ASN issues its opinion on the management of High Level Waste (HLW) and Intermediate Level, Long-lived Waste (ILW-LL)
In response to a request from the Minister in charge of energy, as required by the French National Radioactive Materials and Waste Management Plan (PNGMDR), ASN issued its opinion on the management of high-level waste (HLW) and intermediate-level long-lived waste (ILW-LL), contributing to the orientations of the 5th edition of this plan.
HL waste mainly consists of vitrified packages containing waste produced by the reprocessing of spent fuels. For its part, IL-LL waste to a large extent consists of the metal structures of spent fuel assemblies after reprocessing, or resulting from the operation and maintenance of fuel reprocessing plants. The volume of these two categories of waste, once conditioned in primary packages, is estimated at 85,000 m3. In France, the law requires that ultimate radioactive waste which, for nuclear safety or radiation protection reasons, cannot be disposed of in above-ground or near-surface facilities, shall require deep geological disposal. It is the duty of Andra to design a deep geological disposal facility project. It is currently developing a project for such a repository, called Cigéo, which will be a basic nuclear installation (BNI) and, as such, will be subject to regulation by ASN.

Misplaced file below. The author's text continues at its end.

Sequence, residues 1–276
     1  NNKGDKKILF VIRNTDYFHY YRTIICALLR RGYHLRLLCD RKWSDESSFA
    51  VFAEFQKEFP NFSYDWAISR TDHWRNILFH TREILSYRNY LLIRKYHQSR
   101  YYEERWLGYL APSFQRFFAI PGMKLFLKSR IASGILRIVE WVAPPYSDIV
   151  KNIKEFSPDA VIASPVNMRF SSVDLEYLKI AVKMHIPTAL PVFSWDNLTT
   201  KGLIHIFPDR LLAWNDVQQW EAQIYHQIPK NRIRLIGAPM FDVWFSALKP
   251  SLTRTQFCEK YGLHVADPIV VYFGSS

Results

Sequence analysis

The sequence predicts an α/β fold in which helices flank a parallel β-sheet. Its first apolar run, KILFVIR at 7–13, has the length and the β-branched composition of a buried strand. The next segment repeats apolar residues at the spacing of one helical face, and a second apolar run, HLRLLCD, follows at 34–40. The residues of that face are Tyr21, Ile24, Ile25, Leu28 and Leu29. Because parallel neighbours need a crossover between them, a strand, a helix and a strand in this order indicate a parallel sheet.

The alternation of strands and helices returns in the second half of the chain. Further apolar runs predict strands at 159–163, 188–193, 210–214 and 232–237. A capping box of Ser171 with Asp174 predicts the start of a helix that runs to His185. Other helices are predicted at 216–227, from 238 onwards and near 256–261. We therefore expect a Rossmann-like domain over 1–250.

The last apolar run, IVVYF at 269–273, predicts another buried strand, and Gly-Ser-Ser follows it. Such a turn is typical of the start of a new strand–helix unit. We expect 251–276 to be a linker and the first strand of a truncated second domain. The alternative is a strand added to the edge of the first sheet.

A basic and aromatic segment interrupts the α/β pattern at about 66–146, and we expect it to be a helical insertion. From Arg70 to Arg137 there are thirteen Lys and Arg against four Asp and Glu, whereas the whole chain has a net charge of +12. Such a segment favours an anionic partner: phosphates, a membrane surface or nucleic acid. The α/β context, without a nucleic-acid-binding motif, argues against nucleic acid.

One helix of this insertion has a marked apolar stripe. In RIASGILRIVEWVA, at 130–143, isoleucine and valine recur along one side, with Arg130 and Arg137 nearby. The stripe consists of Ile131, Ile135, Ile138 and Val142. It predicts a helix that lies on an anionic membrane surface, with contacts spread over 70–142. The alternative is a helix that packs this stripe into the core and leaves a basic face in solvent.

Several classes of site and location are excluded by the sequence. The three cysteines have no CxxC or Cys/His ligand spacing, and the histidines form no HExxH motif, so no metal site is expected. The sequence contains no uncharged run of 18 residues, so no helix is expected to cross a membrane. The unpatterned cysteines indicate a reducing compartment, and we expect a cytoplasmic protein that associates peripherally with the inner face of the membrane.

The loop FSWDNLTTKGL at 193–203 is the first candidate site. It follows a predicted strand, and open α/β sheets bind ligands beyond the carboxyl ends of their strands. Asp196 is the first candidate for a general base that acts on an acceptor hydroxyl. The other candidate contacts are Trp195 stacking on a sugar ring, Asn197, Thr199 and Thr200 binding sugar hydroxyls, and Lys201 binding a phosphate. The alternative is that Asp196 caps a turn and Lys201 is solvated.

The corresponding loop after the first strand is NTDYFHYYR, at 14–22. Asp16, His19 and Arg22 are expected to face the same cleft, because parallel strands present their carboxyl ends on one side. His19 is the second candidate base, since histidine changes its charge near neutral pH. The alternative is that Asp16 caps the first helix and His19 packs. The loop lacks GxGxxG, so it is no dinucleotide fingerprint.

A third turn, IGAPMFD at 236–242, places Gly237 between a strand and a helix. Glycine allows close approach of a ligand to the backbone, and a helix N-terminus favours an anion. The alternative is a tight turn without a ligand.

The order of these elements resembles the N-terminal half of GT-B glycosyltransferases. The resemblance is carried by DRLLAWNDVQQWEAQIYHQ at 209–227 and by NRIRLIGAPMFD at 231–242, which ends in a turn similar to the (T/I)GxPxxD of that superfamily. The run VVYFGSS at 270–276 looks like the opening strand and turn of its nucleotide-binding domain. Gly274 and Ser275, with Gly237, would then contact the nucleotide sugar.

For the 4th edition of the PNGMDR, studies were more specifically conducted on:
- the acceptability of the various HL or IL-LL wastes in Cigéo,
- a more detailed examination of safety implications relating to bituminous waste packages management,
- characterisation studies of IL-LL waste produced before 2015 so that the retrieval and conditioning of this waste could begin before the 2030 deadline set by law,
- the repercussions on storage needs of any delay in the Cigéo project.
The public debate held in 2019, with a view to drafting the 5th edition of the PNGMDR, underlined the need for clarification concerning, on the one hand, the essential preconditions for the implementation of deep geological disposal, which are reversibility, safety guarantees or the design of the pilot industrial phase and, on the other, the prospects for research on the transmutation of certain radionuclides.
Management of HL and IL-LL wastes prior to disposal
After analysis of the studies submitted to it, and with regard to the IL-LL waste produced before 2015, ASN considers that the waste producers must take all steps to meet the 2030 deadline set by law for the conditioning of this waste and to prioritise it according to the safety and radiation protection implications.
The law states that the operation of Cigéo begins with "a pilot industrial phase” to confirm reversibility and the facility’s safety case, in particular by means of an in-situ test programme. ASN considers that the waste producers must demonstrate their capacity to produce, condition and transport the waste packages, a necessary precondition for the safety case and for the ramp-up to an industrial rate of disposal during this pilot industrial phase.
Disposal of HL and IL-LL wastes